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    Anti-Japanese hostility in America

    Anti-Japanese hostility in America

    Anti-Japanese hostility in America

    Anti-Japanese hostility in America

    J. Marion Sims is called “the Father of Gynecology” due to his experiments on enslaved women in Alabama who were often submitted as guinea pigs by their plantation owners who could not use them for sexual pleasure. In Montgomery, Alabama, Sims experimented on three Alabamian women who were held captive as slaves – Anarcha, Betsy, and Lucy – From 1845 to 1849 he experimented on them, operating on Anarcha 30 times

    Dorthy Counts-Charlotte NC was actually the first black in America to step foot in an all white school. in 1957 she was treated so badly she had to leave the school after 4 days. That's 3 years before Ruby Bridges or any other integration story. She was bullied and hit with stones. The harassment started when the wife of John Z. Warlick, the leader of the White Citizens Council, urged the boys to "keep her out" and at the same time, implored the girls to spit on her.

    The US government came to the conclusion that interning Japanese-American citizens was the best of a number of bad options. Roughly a hundred thousand Japanese-Americans ended up in camps. U.S. President Franklin D. Roosevelt signs Executive Order 9066 on February 19, uprooting Japanese Americans on the west coast to be sent to Internment camps. The order led to the internment of Japanese Americans or AJAs (Americans of Japanese Ancestry) in which some 120,000 ethnic Japanese people were held in

    Soldiers in housedresses...indeed they truly were. #vintage #mother #homemaker #WW2 #housewife #1940s

    TIL an 18 year old marine, Guy Gabaldon, singlehandedly persuaded 1,500 Japanese soldiers at the battle of Saipan to surrender. He was only able to do this because his Japanese foster parents had taken him in off the streets when he was 12 and taught him their language.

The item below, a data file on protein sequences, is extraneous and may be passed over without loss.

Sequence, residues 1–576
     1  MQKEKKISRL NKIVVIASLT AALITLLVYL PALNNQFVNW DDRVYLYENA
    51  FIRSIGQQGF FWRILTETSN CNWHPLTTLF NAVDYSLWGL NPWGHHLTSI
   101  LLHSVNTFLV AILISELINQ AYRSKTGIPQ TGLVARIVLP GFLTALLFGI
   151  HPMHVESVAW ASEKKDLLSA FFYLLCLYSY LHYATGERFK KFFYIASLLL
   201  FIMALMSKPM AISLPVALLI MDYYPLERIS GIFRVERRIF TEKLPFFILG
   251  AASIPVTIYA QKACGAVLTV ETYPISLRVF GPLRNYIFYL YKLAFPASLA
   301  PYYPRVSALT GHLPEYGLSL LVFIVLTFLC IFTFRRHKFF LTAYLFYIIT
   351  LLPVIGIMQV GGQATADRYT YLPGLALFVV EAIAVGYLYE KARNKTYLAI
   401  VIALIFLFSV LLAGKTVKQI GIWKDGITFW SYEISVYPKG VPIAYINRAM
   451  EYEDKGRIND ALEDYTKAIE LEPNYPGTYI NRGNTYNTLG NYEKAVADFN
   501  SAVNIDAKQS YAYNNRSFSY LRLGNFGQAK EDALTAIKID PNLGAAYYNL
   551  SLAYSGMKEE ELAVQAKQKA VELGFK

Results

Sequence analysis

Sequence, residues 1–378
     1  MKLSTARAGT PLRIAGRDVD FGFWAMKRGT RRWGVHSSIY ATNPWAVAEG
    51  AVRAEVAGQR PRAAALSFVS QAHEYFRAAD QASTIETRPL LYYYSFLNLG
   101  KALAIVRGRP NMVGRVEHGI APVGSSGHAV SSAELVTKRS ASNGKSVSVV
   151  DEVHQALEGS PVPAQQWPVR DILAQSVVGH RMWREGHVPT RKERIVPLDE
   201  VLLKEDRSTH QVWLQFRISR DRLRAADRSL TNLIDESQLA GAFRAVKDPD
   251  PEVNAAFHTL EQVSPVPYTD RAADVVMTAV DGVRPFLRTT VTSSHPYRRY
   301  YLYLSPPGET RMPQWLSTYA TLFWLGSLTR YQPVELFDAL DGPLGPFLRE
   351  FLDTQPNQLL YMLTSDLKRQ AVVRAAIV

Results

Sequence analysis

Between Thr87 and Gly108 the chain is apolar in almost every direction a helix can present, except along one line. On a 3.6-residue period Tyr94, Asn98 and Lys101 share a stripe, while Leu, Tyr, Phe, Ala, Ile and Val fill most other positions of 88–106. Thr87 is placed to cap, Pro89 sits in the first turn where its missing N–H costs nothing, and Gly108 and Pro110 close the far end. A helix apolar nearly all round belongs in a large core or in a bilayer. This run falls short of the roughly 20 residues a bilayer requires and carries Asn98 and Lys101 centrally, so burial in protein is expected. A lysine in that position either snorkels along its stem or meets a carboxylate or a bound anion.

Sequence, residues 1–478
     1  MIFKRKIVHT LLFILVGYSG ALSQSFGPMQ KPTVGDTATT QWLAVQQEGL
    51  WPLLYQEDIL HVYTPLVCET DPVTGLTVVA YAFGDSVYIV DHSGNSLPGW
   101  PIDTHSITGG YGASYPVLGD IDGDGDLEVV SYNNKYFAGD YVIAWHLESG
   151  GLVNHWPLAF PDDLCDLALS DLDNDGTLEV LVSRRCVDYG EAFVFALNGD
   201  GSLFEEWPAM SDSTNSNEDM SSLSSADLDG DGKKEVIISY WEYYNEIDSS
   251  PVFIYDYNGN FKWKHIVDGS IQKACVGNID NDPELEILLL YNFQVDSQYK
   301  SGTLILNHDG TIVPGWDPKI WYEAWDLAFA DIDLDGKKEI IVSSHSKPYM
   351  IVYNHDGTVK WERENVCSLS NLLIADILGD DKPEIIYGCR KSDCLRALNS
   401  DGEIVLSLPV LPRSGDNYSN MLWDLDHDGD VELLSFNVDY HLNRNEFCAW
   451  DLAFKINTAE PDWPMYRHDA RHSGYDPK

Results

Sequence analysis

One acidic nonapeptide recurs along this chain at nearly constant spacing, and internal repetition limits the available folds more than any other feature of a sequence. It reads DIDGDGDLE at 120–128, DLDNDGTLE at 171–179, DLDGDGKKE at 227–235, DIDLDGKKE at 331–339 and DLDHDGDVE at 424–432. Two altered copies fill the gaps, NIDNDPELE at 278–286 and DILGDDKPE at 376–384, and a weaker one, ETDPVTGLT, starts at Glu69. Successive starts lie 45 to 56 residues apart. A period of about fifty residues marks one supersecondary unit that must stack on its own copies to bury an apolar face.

Now, More Than Ever. #nurse #vintage #WW2 #1940s #propaganda #posters

    A German World War II prisoner, released by the Soviet Union, is reunited with his daughter. The child had not seen her father since she was one year old. 40 Of The Most Powerful Photographs Ever Taken

    1940s Japanese baby

    23 Dec 1948: Japan's wartime Prime Minister Hideki Tojo is executed by hanging for war crimes. In his final statements, he apologizes for the atrocities committed by the Japanese military and urges the American military to show compassion toward the Japanese people.

    First Picture of the White House, 1865.

    Czech citizens having to greet invading German troops, October 1938. A picture says a 1000 words

    The Presidents of the United States of America

    Irena Sendler was a Polish Catholic social worker. During World War II, she was a member of the Polish Underground and the Żegota Polish anti-Holocaust resistance in Warsaw. She helped save 2,500 Jewish children from the Warsaw Ghetto by providing them with false documents and sheltering them in individual and group children’s homes outside the ghetto. Despite being tortured and imprisoned, she continued to do all she could to help Jewish children in Warsaw. She survived and lived to old age.

    Black in White America, New Orleans, 1965

    This picture was taken in 1917, and shows a woman at a suffrage protest. The women were protesting the recent arrest and incarceration of some of their fellow protesters.

    Aerial photograph, taken by a Japanese pilot, of the attack on Pearl Harbor, a Japanese bomber in lower-right foreground.